Monthly Archive for October, 2011

October 23, 2011 – 19th Sunday after Pentecost

The Rt. Rev. Arthur E. Walmsley

Leviticus 19:1-2, 15-18; Psalm 1; I Thessalonians 2:1-8; Matthew 22:34-46

“Teacher, which commandment in the law is the greatest?”

To begin: a story. It took place on a July day in the summer of 1988, twenty-three years ago. In Connecticut where I was then the bishop, we had a summer camp, Camp Washington, which offered a full summer of programs for kids from grade school through high school. I was standing on the steps of the dining hall on a bright summer afternoon when he came up to me, threw his arms around me, gave me a hug and said, “You are my most favorite bishop!” I watched as his beaming smile was mirrored by the gentle care and affection with which he was surrounded by fellow campers and staff members. Danny was a young man who had Down’s Syndrome. His greeting reminded me of the day on which I had confirmed him, when he had stood in the midst of the congregation, proud with his daddy and his mother. He called out the best in those around him by his trust, his affection, and his smile. He was a gift to us. Continue reading ‘October 23, 2011 – 19th Sunday after Pentecost’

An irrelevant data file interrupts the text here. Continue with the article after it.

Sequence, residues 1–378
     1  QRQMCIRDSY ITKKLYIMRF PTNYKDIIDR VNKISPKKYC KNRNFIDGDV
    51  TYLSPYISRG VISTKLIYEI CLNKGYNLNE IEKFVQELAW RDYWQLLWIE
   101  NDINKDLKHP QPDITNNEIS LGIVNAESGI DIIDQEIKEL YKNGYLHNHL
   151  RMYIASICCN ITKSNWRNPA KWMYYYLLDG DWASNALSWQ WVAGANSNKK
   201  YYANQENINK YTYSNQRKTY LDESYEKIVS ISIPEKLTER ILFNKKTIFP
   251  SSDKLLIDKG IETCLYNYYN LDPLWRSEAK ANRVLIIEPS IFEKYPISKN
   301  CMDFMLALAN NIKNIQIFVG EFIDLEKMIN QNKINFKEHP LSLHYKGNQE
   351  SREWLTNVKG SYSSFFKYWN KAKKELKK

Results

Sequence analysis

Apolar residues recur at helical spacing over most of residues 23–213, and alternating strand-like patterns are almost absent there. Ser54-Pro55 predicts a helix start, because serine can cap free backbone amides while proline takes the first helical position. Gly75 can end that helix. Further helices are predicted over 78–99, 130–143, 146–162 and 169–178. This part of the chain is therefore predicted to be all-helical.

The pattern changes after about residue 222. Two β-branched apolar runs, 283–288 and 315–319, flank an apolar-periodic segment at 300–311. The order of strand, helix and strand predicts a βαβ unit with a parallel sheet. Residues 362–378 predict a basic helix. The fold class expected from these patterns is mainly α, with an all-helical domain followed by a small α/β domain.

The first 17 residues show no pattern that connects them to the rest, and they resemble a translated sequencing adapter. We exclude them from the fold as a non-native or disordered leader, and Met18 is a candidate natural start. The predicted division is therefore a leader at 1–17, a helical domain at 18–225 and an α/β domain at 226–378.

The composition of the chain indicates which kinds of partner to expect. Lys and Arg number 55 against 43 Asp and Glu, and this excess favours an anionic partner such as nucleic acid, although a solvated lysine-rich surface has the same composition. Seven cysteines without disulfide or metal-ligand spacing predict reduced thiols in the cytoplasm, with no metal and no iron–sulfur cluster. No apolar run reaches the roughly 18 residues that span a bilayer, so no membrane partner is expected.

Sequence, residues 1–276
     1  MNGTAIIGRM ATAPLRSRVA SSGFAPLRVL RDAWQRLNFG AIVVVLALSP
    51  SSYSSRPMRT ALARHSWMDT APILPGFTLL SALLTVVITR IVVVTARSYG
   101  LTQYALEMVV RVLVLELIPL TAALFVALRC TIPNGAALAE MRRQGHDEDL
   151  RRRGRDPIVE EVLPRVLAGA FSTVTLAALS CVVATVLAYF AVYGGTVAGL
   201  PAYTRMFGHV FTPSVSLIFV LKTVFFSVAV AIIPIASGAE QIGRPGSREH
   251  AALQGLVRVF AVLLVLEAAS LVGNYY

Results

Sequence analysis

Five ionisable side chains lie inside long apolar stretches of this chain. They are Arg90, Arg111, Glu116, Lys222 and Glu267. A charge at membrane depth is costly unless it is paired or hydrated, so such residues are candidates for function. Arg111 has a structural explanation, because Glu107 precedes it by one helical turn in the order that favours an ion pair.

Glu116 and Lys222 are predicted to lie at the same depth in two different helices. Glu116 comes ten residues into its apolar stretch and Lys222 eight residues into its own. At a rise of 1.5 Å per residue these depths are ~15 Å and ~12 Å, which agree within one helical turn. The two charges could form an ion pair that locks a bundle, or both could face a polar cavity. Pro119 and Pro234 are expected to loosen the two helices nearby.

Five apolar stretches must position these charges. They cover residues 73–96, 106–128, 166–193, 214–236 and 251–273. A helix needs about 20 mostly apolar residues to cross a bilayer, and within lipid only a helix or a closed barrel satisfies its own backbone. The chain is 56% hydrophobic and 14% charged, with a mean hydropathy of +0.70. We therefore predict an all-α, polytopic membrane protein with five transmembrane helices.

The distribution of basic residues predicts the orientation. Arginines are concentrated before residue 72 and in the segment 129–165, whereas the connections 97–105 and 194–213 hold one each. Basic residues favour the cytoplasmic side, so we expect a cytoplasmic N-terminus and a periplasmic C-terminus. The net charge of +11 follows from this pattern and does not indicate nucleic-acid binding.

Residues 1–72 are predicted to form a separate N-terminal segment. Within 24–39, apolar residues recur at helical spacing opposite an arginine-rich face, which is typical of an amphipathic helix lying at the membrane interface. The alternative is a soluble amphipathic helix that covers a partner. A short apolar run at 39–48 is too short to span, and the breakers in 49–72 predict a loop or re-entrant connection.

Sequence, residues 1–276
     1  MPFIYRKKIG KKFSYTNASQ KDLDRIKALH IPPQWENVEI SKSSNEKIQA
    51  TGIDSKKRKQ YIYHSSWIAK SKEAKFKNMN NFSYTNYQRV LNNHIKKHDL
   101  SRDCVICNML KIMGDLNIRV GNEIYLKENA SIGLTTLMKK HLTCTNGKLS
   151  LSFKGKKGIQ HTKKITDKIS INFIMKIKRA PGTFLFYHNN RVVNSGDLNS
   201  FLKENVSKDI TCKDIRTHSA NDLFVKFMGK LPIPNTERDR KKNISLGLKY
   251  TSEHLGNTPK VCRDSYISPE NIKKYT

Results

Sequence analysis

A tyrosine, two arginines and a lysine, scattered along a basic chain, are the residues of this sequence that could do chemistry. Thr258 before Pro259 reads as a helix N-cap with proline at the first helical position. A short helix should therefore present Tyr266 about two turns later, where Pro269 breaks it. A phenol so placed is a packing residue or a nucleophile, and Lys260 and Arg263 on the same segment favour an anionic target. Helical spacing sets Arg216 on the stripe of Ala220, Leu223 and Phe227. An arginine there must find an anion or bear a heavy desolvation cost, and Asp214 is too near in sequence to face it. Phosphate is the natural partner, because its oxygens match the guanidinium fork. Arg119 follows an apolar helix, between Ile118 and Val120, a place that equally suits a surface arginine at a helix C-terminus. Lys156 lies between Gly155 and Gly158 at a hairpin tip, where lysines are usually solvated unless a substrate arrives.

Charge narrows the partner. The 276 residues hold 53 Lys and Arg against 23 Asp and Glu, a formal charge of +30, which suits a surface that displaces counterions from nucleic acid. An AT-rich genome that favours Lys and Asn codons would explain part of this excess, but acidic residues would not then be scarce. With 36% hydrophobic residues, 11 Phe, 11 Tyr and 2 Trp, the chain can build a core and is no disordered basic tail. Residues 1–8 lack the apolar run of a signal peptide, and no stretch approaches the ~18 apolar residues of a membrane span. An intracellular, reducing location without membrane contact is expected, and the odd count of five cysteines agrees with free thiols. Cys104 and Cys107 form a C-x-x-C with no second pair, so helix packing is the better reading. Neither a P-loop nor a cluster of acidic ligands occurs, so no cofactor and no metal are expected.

Ministry Minute – Monica Houghton – October 16, 2011

Monica Houghton

Monica's Confirmation June 2011

I have been a member of Holy Cross my whole life.  I was baptized here as a baby, I attended the first Atrium in the basement of the old church, and grew up enjoying all the levels of the Atrium and the Youth Group. My experience here has left me with a deeper understanding of community and has given me countless opportunities to open a new window into the rest of the world.  Not only is Holy Cross a place for my family, but it is a place for everyone to gather and support each other all as children of God.  Holy Cross continues to be the foundation for all of my beliegs, as well as somewhere I can just be myself.